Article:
In praise of dissentArchive
ONE of the refreshing features of the minority judgments in the Supreme Court verdict on challenges to the 18th and 21st amendments is the recognition of the role that dissent can play in the development of constitutional and judicial norms in Pakistan.
While discussing the changes made in the Objectives Resolution before its adoption as the preamble to the Constitution of 1973, Justice Jawwad S. Khawaja has paid a tribute to Prof Raj Kumar Chakravarty, whose attempt to put the people higher than the state failed in 1949 and succeeded in 1973. (Chakravarty was a member of the Pakistan National Congress party which was largely based in East Pakistan.)
The Objectives Resolution of 1949 had talked of Allah Almighty having delegated His authority to the state. Chakravarty suggested that the delegate of God’s authority should be the people and not the state.
Justice Khawaja has quoted Chakravarty as arguing: “First come people and then the state… a state is formed by the people, guided by the people and controlled by the people.” The professor took exception to the text of the Objectives Resolution as it meant that “once a state comes into existence it becomes all-in-all; it is supreme, quite supreme over the people…” He argued that the state had to be responsive to the public opinion and to the public demand but the resolution implied that the state need not meet these criteria.
Justice Khawaja concludes that though Chakravarty’s words were not heeded in 1949, the authors of the 1973 Constitution accepted his point of view and declared that God had delegated His authority to the people and also asserted that a new order was being established by the will of the people. Thus, in Justice Khawaja’s view the “Preamble can, in its existing form, be seen as the embodiment of the nation’s social contract in outline”.
The argument of the learned judge — now retired — should lead to a discussion on quite a few points. How will Chakravarty’s romantic view of the state be reconciled with the basic reality that the state is a mechanism for coercing the masses into yielding to the dictates of a privileged class even when it pays lip service to the idea of the people being higher than the state? But for a people who are worried about the state becoming more and more tyrannical, Chakravarty’s plea is like an elixir of life.
However, at the moment we are concerned with the fact that it is not impossible in Pakistan to accept a dissenting view quite some time after its rejection. Chakravarty’s argument places him by the side of the MNA, K. Dutta, who had pleaded against the adoption of the Objectives Resolution by warning the assembly of the possible rise of a ruler who might justify his regime as divinely ordained. And the prophecy came true.
Justice Khawaja has also hailed retired Justice Cornelius for his views in the note of dissent in the Maulvi Tamizuddin Khan case. But this conforms to the public verdict in favour of Cornelius soon after the infamous majority decision was announced.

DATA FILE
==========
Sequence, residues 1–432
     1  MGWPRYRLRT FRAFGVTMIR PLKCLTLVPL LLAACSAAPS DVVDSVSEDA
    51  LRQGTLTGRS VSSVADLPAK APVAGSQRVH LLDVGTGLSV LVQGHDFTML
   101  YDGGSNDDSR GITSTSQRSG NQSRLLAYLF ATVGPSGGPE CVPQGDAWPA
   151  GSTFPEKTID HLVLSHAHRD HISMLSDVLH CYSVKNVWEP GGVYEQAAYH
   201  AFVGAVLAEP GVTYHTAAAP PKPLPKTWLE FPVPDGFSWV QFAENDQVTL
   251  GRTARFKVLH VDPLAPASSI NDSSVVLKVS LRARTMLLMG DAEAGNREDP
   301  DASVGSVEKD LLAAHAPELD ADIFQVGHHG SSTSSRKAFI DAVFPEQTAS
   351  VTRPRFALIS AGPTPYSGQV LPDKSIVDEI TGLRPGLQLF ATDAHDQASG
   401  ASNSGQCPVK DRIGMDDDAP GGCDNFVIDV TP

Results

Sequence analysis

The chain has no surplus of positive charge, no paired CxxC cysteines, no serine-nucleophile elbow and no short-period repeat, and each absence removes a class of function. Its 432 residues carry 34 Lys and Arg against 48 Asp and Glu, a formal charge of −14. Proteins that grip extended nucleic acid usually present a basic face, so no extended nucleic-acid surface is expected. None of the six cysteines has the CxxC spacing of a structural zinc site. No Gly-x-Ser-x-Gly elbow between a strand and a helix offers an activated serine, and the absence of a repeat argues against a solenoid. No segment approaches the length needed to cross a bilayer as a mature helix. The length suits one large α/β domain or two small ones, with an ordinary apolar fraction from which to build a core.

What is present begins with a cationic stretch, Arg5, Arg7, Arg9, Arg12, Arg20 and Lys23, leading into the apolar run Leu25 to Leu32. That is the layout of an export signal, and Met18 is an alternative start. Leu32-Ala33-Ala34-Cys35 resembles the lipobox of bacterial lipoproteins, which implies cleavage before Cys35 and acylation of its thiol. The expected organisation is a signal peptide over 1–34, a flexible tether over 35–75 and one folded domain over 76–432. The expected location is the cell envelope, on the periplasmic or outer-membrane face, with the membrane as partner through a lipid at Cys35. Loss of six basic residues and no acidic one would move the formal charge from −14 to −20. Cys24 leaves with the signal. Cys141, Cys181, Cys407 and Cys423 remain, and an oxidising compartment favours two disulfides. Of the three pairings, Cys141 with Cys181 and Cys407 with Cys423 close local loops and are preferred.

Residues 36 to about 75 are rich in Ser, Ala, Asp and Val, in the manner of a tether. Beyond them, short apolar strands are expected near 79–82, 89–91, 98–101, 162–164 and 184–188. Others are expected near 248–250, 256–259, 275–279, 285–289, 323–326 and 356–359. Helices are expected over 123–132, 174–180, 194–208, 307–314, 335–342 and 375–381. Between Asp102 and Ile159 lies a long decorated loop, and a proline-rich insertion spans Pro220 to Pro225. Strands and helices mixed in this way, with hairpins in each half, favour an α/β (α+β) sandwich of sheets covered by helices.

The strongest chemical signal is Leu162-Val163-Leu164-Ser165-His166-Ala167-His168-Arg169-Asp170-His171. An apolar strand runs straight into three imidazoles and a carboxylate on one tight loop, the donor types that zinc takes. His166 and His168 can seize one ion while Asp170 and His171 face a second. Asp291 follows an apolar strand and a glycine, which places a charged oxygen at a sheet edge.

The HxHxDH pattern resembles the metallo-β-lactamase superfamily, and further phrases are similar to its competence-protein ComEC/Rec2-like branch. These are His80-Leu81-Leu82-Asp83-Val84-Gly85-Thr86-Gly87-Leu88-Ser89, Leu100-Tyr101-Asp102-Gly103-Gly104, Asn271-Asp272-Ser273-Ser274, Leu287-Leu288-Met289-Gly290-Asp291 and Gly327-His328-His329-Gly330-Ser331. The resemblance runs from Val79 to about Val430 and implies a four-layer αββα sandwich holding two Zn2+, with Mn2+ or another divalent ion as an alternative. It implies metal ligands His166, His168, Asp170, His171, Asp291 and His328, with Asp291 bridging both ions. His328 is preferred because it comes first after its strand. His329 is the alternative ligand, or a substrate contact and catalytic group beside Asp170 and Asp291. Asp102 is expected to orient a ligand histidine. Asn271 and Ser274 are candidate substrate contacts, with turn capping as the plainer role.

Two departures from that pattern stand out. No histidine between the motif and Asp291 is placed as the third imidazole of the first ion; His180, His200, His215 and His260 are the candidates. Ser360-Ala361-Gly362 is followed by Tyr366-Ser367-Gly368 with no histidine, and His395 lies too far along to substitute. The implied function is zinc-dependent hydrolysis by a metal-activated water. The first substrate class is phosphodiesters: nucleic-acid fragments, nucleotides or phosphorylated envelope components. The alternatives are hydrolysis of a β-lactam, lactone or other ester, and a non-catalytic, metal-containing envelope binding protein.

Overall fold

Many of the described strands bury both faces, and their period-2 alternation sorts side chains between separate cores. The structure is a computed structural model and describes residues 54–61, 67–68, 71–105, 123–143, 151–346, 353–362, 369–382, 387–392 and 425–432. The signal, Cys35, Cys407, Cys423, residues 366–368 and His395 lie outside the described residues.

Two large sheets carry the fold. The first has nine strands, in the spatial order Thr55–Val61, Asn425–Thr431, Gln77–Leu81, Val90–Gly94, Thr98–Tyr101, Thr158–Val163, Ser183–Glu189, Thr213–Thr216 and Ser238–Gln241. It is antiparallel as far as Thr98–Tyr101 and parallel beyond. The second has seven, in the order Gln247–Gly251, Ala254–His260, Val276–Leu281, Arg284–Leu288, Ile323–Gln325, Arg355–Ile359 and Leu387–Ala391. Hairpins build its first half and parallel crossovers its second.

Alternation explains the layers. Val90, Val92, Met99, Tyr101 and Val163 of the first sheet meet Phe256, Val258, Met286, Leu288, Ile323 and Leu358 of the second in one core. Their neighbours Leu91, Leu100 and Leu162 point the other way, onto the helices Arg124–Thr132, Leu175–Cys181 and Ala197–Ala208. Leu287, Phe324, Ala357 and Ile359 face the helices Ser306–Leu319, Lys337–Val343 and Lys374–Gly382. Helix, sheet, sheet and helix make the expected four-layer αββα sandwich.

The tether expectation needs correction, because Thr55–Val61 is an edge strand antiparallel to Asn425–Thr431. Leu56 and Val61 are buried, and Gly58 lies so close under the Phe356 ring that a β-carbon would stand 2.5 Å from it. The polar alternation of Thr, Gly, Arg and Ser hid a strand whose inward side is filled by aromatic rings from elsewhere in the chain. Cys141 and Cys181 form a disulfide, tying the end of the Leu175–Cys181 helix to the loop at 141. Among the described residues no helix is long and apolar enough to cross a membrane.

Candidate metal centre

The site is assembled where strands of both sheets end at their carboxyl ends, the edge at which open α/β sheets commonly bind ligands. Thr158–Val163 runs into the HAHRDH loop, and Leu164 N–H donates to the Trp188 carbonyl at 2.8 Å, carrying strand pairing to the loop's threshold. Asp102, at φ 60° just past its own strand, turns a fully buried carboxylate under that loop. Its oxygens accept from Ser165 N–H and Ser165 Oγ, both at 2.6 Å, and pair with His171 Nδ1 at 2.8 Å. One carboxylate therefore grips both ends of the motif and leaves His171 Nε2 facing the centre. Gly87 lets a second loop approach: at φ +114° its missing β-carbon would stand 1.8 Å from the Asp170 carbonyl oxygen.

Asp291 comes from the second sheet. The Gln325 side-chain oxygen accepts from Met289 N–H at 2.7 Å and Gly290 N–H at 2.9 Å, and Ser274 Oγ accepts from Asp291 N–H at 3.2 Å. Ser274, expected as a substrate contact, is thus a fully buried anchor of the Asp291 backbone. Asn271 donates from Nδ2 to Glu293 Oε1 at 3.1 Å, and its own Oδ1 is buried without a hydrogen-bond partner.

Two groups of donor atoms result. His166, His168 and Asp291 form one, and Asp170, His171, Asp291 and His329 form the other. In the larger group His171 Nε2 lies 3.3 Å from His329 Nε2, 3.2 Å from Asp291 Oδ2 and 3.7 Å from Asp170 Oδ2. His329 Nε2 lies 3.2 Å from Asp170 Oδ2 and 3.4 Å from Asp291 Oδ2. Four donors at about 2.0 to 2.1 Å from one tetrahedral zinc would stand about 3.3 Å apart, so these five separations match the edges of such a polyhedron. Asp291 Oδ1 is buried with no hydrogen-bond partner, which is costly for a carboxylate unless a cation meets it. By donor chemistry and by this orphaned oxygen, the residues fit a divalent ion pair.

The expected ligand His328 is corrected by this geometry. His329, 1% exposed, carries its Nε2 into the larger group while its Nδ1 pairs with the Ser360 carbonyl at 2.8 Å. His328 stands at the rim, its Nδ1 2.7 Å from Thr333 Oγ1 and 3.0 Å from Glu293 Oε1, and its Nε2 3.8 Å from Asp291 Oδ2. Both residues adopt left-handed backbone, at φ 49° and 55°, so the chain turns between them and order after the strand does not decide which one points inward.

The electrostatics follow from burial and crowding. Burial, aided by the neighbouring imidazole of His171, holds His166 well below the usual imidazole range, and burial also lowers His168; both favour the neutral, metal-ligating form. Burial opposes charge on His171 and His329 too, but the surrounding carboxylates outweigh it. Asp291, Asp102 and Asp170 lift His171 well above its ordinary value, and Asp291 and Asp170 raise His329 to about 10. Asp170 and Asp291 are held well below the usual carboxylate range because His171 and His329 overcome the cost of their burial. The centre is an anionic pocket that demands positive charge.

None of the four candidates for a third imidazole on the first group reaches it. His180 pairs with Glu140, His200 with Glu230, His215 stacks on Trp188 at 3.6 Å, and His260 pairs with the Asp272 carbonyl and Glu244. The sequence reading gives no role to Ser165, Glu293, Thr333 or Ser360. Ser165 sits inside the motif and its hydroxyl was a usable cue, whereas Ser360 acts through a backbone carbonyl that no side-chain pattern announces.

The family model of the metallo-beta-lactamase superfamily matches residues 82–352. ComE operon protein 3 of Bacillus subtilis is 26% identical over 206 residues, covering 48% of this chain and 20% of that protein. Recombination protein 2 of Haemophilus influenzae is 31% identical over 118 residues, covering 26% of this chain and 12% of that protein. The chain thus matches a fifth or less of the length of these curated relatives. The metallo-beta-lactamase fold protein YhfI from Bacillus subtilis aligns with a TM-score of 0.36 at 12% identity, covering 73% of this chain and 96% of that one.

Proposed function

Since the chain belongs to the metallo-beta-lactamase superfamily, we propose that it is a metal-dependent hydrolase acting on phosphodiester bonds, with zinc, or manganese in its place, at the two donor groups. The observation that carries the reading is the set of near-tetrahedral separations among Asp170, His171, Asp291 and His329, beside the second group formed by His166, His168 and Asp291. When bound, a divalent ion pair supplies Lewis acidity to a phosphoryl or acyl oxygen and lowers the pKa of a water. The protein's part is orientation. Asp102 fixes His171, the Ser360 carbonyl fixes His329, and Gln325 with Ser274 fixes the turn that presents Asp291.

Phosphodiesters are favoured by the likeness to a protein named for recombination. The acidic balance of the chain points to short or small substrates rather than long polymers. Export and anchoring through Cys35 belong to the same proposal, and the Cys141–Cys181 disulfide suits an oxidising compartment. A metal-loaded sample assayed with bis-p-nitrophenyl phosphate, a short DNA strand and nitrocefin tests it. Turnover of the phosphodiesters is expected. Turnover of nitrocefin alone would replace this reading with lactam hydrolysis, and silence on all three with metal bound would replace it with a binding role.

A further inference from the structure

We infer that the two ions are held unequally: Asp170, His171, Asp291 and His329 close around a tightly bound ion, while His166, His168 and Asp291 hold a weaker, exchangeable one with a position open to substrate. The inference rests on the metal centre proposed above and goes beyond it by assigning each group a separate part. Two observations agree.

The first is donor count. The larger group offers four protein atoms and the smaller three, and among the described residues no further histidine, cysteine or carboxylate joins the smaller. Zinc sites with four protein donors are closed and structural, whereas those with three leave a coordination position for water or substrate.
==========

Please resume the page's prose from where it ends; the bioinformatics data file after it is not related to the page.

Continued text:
In the same case, Justice Saqib Nisar has praised the dissenting SC judges of 1999. Referring to Zafar Ali Shah v Pervez Musharraf, he has said: “…the question before the court was about the validity of the military takeover, which was upheld on the basis of the discredited doctrine of state necessity which admittedly carries no credibility whatsoever at present [emphasis added]. However, amazingly, after upholding the validity of military takeover — which is all that the case was about — this court went on to confer power (which it did not enjoy itself) on the Army Chief to single-handedly and unilaterally carry out constitutional amendments…The Bench hearing this case consisted of twelve judges (headed by Irshad Hasan Khan, CJ, and included Iftikhar Muhammad Chaudhry, J (as he then was). All twelve judges had taken an oath under a PCO. The five senior judges who had declined to take the oath had resigned and left judicial office earlier to their everlasting credit — they had kept the honour of the institution alive.”
While it is good that the defiance by the five magnificent judges (including the CJ) of a military dictator has been hailed in an SC judgment, one is reminded of the case of Nusrat Bhutto v the Chief of Army Staff. Nusrat Bhutto’s petition was dismissed for lack of jurisdiction and, amazingly enough, relief was granted to the defendant — he was given the power to amend the Constitution. While in the Zafar Ali case this extraordinary power was granted to Gen Musharraf out of respect for his objectives, in the Nusrat Bhutto case the court had faced Gen Ziaul Haq’s threat that he could find a new CJP.
Dissent, ranging from a minor difference of opinion to presentation of alternatives to formulations determined by conventional wisdom, plays an important part in the evolution of people’s thought. After all, respect for dissent only means acceptance of the possibility that the traditional way of looking at things could do wrong.
The West gained a lot by rehabilitating Socrates and Galileo after punishing them for dissent. On the other hand, the Muslims drove Ibn Rushd and Ibn Arabi into the wilderness and ended up by closing the door to ijtihad. In Pakistan it is common to denounce the slightest dissent from a state policy as treason and any call to reinterpret Islam as unforgivable heresy. Intolerance of dissent in our country has taken the form of murderous violence against minority sects and even denial of the sacrifice of the supreme standard bearer of dissent — Imam Husain.
Those who respect dissent can find a way out of any crisis caused by bondage to tradition. That is the essence of Iqbal’s plea for reconstruction of religious thought. Thus, let the streams of dissent flow unobstructed.
Published in Dawn, September 10th, 2015
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